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Perhaps you’ve seen them on Instagram: offices that look a whole lot cooler than yours. There are soundproof phone booths. Winged armchairs. Bookshelves stacked with strategically placed art books and old copies of The New Yorker.
They evoke a trending workplace style that the New York Times reporters Emma Goldberg and Anna Kodé have anointed the Envy Office. As they write in their article, companies are hoping Instagrammable office design will lure workers away from their couches and back into the workplace — to do their jobs on the velvet, and dog-friendly, couches there instead.
The Envy Office trades both the cubicle farms found in traditional workplaces and the climbing walls of Silicon Valley tech campuses for upholstered chairs and faux fiddle leaf figs, nestled in cozy corner nooks. But it’s not just an aesthetic: The design also prioritizes flexibility while reflecting a company’s brand. And some employers are hoping their younger staff members will share their trendy workplaces on social media.
Ms. Kodé and Ms. Goldberg began reporting in August, visiting offices in New York City. But the style trend is spreading across the country: Gensler, one of the largest architecture firms in the world, said it was increasingly getting requests to build office spaces with banquettes and library nooks.
In addition to their article, Ms. Kodé and Ms. Goldberg have also developed a quiz that helps readers discover their dream office setup. (Their responses pegged them both as Sofa Sophisticates, or those who enjoy working in tastefully designed spaces that facilitate socializing.)
In an interview, they share more about their reporting — and why they love working in The Times’s more traditional office, which was recently updated with some Envy Office flair. This conversation has been edited.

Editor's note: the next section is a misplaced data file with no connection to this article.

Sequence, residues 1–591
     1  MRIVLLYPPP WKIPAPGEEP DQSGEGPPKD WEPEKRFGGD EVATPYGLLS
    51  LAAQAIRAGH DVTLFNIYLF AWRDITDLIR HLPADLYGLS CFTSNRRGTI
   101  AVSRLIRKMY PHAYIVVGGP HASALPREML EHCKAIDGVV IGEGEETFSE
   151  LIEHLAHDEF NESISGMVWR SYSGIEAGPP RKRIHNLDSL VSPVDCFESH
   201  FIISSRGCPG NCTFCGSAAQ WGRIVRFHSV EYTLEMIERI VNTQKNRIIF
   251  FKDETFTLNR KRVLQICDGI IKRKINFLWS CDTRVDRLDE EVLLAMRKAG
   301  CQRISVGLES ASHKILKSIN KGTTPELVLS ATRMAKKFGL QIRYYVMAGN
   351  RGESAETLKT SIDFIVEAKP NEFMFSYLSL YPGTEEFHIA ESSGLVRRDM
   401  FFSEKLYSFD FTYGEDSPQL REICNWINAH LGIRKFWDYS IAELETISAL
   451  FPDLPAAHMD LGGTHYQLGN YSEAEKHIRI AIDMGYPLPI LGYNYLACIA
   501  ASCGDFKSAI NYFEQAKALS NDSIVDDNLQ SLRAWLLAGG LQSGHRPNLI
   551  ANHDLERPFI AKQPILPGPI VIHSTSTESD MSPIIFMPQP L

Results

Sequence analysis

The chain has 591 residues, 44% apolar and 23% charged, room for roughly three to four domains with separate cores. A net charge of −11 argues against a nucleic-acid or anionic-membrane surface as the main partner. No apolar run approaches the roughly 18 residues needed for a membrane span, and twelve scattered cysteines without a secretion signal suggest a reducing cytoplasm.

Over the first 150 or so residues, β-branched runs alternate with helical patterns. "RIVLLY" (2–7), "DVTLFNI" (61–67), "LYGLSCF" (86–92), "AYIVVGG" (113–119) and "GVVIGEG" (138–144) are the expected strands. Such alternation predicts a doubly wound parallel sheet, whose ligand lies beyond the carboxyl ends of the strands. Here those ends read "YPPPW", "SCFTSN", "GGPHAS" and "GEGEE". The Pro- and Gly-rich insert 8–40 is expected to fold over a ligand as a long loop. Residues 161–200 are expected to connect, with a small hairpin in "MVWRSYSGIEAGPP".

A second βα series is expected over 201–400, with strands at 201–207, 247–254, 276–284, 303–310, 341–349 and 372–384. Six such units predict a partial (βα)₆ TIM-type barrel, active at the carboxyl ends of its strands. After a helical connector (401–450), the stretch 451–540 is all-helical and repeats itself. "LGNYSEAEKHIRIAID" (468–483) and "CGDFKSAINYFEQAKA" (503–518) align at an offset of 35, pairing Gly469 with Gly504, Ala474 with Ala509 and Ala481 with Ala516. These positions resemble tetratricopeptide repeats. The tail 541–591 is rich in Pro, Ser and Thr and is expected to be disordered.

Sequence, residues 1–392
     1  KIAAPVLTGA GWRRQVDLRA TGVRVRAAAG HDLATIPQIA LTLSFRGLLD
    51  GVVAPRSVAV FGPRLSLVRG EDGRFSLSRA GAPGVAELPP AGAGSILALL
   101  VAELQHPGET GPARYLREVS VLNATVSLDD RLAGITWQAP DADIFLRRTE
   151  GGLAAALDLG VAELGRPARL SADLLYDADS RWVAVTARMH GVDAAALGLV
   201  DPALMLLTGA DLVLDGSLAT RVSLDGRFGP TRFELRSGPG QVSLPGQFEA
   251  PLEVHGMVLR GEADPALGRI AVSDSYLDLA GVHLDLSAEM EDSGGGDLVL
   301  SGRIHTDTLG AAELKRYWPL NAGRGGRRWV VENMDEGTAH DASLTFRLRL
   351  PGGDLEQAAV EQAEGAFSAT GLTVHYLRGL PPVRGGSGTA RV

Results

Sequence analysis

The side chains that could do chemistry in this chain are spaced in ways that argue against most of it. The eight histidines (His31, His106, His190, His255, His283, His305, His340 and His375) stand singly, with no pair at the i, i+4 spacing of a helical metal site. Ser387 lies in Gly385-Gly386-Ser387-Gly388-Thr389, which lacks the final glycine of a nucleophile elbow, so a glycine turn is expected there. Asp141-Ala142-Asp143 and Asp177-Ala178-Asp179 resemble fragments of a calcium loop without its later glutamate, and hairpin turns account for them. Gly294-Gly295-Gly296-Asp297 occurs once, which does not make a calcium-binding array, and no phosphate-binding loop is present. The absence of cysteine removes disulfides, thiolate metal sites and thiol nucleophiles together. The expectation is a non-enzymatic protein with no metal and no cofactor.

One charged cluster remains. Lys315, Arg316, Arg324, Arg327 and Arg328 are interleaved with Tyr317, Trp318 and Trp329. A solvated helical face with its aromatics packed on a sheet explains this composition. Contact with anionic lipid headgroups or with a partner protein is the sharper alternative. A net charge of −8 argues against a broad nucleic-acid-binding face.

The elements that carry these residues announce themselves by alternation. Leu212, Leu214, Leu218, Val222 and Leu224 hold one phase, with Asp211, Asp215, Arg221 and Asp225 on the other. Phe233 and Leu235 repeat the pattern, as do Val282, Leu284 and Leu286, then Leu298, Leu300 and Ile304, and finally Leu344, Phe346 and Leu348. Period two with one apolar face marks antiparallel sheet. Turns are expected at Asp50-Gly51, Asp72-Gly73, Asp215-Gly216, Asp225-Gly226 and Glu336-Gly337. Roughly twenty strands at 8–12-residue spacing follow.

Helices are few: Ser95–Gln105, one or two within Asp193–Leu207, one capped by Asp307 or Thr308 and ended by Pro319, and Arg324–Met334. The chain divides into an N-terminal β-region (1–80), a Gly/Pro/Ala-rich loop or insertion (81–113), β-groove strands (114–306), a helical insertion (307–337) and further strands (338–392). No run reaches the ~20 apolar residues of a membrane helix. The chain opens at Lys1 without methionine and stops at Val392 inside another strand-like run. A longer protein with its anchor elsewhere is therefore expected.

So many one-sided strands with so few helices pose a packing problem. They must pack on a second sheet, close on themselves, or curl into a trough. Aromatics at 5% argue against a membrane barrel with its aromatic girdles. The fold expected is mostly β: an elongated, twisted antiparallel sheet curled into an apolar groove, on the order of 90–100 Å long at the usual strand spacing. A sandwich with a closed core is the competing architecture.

Anna, you cover real estate, and Emma, you’re on the future-of-work beat. What brought you together for this article?
EMMA GOLDBERG Anna and I had this long-running dream that we would find something to team up on. We’re similarly always looking for whimsical, creative or just fun avenues into what can be drier topics. When we spotted this one, we felt like it was a natural intersection of what we both cover.
ANNA KODÉ It’s clearly tied to Emma’s beat. And then it had this distinct angle of design and social media, which I’ve done a lot of reporting on. The overlap was just there.
How did you first learn about this type of design?
GOLDBERG I go to so many offices as part of reporting for my beat, and something I have noticed everywhere in recent months was the move toward offices looking like something between living rooms and hotel lobbies. Instead of the tech-bro campuses of the mid-2000s, workplaces were starting to look more trendy, sophisticated and hospitality-adjacent.
One of my favorite books, “Cubed” by Nikil Saval, is about the history of the cubicle. There has been this shift from cubicles to open floor plans to tech campuses. The questions Anna and I first discussed were: What’s the next phase of office design? What comes after the tech campus?